red funnel

The lowest common denominator (LCD) can be defined as “the broadest or most widely applicable requirement or circumstance.” It’s often difficult to acknowledge, but LCD can be a valuable tool for marketers when selecting what format their online advertisements should take. Larger ad sizes allow for more images and more text for the viewer to digest. But with the ability to include more information comes the risk that an ad’s key message or call to action is lost. Conversely the smallest ad size can force clarity, as it makes marketers distill the core campaign message to its essence. If the design and concept work in the smallest of spaces, then they are likely to be effective and powerful in any ad size. Thus, when we work with clients on digital campaigns, we use what we call the “LCD Principle,” testing concepts in small formats before choosing a direction that can be translated into other sizes or mediums.

We recently “the LCD Principle” to use for a client in the financial services sector during the development of an integrated marketing campaign. The campaign was to be deployed across nearly 100 different publications through a variety of channels including web, mobile, print, and radio. During the preliminary creative stages, we tested concepts by focusing first on how they played out in the smallest ad spaces. This strategy helped us identify which concepts were the most effective in communicating the core message of the campaign in the most engaging way. The result was the creation of a distinctive campaign that grabbed attention and delivered the message.

Not only does following the LCD Principle deliver a more effective, concise and easy-to-deploy campaign, it also has the potential to attract an audience of more interested buyers. A post on Seeking Alpha highlighted a kitchen-appliance campaign from Kohl’s that ran in both small and large ad sizes. The post notes that “As you might expect the larger ad got many more clickthroughs….What you might not expect, is that the small ad actually performed 1.7 percentage points better in driving purchase…the larger ad drew the attention of more would-be shoppers, but the smaller ad found a greater concentration of motivated buyers.” The key insight here for B2B marketers: when considering concepts for your next ad campaign, treat the smallest ad as a litmus test. This will help the entire campaign to be more effective and make better use of the advertising spend.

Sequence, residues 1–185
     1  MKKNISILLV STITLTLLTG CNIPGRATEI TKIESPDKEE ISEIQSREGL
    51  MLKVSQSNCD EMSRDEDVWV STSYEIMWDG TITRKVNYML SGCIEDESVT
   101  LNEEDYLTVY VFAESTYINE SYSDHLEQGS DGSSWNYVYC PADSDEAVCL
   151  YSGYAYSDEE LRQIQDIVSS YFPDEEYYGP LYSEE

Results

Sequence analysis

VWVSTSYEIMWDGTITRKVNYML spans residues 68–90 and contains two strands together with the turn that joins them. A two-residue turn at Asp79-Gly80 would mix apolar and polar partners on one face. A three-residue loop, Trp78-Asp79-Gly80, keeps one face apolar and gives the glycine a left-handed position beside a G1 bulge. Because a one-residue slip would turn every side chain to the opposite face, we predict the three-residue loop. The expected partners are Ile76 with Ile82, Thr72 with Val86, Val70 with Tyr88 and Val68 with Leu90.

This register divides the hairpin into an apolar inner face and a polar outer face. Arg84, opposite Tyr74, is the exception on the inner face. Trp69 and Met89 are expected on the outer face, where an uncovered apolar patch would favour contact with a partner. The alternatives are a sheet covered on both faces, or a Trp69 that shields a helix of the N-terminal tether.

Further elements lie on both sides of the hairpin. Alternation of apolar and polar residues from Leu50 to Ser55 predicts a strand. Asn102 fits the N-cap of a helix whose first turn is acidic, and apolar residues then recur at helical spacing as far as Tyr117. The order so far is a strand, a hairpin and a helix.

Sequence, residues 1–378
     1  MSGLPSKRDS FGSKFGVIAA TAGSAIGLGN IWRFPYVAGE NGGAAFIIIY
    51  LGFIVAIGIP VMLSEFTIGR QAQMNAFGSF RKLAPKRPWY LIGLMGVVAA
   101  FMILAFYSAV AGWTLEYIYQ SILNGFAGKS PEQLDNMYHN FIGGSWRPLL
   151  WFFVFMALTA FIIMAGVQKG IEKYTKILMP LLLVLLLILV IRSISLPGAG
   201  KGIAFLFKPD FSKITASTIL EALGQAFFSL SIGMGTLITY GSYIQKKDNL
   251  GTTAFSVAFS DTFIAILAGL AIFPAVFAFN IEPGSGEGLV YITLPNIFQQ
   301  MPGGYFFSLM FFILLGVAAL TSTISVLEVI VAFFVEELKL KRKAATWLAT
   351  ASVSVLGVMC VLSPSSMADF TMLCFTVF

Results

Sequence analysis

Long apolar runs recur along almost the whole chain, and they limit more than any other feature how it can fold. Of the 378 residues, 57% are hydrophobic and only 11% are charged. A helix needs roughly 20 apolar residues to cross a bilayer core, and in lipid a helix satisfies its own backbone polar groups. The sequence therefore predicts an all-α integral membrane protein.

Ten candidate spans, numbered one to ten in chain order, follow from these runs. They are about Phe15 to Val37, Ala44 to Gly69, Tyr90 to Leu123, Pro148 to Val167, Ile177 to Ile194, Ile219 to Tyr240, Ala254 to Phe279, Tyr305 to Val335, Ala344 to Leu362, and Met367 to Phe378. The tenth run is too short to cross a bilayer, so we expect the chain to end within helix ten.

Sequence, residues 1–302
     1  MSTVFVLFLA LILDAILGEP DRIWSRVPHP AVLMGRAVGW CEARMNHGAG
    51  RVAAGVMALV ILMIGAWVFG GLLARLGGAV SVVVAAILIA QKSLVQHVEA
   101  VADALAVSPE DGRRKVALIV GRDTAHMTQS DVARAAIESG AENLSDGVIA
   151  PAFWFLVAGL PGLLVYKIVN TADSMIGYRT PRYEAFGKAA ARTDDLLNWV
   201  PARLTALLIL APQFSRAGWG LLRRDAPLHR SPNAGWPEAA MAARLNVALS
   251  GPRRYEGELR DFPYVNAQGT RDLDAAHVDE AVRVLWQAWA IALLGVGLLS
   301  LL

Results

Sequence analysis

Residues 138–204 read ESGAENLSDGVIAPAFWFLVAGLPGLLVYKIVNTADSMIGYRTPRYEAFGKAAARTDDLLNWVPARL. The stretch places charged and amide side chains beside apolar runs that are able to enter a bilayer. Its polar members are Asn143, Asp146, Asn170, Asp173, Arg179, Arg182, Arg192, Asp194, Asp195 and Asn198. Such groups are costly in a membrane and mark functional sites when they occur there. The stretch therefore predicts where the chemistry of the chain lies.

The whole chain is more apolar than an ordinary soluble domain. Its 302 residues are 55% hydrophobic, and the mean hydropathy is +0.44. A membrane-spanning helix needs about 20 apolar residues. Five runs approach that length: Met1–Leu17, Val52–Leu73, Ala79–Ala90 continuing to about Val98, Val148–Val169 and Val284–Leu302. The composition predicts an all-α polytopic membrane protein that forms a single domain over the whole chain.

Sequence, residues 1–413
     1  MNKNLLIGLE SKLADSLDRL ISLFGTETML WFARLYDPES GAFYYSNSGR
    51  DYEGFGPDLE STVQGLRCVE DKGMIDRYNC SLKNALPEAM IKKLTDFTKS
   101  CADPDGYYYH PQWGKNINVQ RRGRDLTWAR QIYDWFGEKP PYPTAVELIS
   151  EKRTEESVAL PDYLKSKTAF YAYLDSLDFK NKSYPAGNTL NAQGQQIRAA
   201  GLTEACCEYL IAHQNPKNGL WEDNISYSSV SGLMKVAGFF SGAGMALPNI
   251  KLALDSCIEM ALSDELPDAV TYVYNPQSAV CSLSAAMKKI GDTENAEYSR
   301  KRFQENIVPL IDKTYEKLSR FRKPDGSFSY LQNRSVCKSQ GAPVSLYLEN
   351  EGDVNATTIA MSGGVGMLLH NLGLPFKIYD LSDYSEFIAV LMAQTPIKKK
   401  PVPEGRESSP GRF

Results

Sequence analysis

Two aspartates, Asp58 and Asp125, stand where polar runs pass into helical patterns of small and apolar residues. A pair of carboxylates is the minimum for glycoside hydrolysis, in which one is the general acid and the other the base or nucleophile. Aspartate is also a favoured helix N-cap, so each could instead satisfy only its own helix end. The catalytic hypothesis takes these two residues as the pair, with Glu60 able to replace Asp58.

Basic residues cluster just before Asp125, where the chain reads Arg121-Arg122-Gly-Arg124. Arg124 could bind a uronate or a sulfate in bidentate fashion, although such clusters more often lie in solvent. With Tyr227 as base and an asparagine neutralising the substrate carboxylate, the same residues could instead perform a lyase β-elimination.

Another essential factor for success: make sure media planners are involved even in the earliest steps of design and concept so the agency is fully informed of all the details of the small ad size, i.e. what the dimensions are, as well as how it will be deployed, and what kinds of patterns they have seen in the past. It may seem obvious but its important to keep in mind that consistent contact between agency and media planner is vital for campaign fluidity and success.

By focusing on the essential message of a campaign and capitalizing on the potential of the smallest ad spaces B2B marketers can maximize the effectiveness of every ad format and placement.

About the author

Howard Breindel

Howard Breindel is a cofounder of DeSantis Breindel. He works with visionary leaders across B2B industries whose companies are at critical inflection points, helping them harness the power of brand to grow their business.

How Brand Architecture Informs Brand Naming

To rename or not to rename? Clients often want to answer this question early in the project. And it makes sense. A new corporate or sub-brand name is not only very exciting, it’s also a huge investment. However, for this very reason, it’s may be best to postpone a naming decision until…

Conducting a Visual Brand Audit

A comprehensive brand audit — an analysis of the current state of a brand and its position in the marketplace — is the foundation of any new brand or rebranding initiative. By determining the strengths and weaknesses of a brand in relation to its market and competitors, the audit helps navigate a clear path to a differentiated…

The Great Divide: Brand Architecture vs. Information Architecture

In today’s digitally-driven B2B marketing environment — one which offers buyers easy access to access to an array of information and a plethora of opinions — companies no longer control exactly where or when customers or prospects encounter their brand. And with 68 percent of B2B buyers preferring to conduct independent research online, it’s…